When Surgery Is Not an Option in Renal Cell Carcinoma: The Evolving Role of Stereotactic Body Radiation Therapy

Joseph Miccio, Kimberly Johung
Oncology (Williston Park, NY) 2019 May 14, 33 (5)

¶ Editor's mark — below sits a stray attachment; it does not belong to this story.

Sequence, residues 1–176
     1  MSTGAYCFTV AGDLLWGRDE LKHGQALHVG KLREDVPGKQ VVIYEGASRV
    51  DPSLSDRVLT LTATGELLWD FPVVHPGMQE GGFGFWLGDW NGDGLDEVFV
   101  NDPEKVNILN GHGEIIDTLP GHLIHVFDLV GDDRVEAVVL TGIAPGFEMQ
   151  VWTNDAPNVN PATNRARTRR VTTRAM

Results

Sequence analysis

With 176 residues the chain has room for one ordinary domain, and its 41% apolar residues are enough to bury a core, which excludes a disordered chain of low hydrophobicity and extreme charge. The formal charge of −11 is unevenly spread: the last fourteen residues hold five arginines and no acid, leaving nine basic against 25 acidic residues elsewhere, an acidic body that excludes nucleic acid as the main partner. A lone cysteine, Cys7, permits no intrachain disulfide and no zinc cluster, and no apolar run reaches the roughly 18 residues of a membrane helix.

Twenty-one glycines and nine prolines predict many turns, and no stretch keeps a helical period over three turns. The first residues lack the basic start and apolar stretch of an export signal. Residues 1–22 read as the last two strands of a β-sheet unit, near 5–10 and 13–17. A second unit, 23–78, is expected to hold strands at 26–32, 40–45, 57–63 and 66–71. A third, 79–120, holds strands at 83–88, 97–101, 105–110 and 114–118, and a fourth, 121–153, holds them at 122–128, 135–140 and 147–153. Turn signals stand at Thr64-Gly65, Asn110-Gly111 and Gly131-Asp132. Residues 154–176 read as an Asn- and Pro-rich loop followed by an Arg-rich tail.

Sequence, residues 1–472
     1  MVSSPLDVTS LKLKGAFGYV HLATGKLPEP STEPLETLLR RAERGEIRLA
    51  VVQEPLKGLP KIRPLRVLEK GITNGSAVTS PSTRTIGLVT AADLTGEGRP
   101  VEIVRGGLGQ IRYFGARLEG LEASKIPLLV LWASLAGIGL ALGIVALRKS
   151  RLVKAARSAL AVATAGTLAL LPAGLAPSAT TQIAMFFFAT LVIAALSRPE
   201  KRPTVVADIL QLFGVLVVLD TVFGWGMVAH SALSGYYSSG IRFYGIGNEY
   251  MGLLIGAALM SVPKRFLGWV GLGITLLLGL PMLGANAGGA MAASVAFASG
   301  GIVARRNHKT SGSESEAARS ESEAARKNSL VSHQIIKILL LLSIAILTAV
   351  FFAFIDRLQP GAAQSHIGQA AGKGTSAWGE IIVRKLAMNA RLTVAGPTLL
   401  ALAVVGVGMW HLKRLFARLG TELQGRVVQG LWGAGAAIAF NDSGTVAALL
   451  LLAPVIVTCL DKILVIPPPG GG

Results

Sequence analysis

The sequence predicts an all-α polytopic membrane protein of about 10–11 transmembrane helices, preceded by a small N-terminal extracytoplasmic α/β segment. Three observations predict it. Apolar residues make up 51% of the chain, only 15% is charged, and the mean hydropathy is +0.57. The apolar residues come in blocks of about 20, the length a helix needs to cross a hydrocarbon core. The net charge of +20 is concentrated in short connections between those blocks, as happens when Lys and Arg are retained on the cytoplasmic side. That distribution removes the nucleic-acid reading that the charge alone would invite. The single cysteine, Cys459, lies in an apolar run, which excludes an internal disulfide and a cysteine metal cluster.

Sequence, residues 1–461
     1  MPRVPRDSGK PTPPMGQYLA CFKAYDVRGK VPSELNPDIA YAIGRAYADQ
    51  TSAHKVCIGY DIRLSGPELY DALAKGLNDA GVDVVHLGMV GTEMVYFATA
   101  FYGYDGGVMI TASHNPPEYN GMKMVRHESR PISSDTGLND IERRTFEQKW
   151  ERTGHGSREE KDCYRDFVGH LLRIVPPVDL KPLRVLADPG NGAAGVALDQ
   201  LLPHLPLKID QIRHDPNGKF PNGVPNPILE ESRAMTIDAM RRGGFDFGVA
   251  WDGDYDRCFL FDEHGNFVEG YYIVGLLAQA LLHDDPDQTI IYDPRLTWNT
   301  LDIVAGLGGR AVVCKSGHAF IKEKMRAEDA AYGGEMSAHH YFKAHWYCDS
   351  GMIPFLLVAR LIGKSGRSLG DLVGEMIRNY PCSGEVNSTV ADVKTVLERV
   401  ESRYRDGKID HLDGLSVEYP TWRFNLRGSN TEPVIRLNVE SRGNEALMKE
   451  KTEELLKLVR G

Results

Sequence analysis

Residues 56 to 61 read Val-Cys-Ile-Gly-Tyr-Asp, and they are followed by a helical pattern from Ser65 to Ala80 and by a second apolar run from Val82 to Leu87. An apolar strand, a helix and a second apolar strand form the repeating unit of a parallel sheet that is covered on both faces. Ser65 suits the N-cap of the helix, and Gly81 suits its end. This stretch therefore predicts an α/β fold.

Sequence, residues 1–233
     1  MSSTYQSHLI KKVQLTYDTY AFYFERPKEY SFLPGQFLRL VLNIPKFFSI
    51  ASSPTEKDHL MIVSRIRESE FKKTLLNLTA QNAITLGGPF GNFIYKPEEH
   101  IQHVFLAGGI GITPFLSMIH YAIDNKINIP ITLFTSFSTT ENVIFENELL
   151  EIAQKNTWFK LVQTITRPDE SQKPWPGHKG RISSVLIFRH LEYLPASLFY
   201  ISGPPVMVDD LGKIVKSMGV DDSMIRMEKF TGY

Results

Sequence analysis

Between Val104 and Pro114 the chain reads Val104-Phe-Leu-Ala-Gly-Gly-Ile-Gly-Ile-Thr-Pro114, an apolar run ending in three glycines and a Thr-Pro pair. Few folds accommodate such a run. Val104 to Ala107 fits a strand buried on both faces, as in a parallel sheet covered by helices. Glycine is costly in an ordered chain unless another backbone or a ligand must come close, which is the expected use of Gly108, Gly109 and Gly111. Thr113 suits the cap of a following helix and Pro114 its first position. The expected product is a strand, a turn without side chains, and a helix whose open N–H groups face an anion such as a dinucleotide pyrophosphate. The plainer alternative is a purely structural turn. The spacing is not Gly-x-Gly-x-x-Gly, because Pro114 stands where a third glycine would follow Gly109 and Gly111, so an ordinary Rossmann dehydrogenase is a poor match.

Historically, radiation therapy has played a limited role in the management of renal cell carcinoma because early studies showed that it had no benefit in the neoadjuvant or adjuvant settings. Thus, radiation has typically been employed for only palliation of metastatic sites. As the ability to deliver conformal high-dose-per-fraction radiation became available, studies began to show excellent local control when treating oligometastatic sites of renal cell carcinoma with stereotactic body radiation therapy (SBRT). Recently, SBRT has been studied in the management of the primary tumor in nonsurgical patients with localized renal cell carcinoma. Excellent local control rates and low rates of treatment-related toxicity were reported with single-fraction (26 Gy) and multi-fraction (36 to 45 Gy in 3 fractions or 40 to 50 Gy in 5 fractions) regimens. While the evidence to date is limited by small cohort sizes and variability in treatment approaches, the reported outcomes are promising. Ongoing studies will continue to define how renal SBRT fits into the management of patients who are not eligible for surgery.


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